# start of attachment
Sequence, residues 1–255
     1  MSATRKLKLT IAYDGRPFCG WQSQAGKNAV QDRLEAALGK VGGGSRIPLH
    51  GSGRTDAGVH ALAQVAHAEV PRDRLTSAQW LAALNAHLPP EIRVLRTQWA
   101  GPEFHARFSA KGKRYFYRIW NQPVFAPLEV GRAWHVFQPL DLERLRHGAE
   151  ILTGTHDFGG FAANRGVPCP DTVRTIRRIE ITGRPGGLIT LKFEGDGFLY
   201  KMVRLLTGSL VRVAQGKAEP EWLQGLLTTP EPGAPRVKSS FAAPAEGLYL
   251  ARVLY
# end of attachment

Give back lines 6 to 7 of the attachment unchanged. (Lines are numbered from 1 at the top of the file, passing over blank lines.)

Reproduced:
   201  KMVRLLTGSL VRVAQGKAEP EWLQGLLTTP EPGAPRVKSS FAAPAEGLYL
   251  ARVLY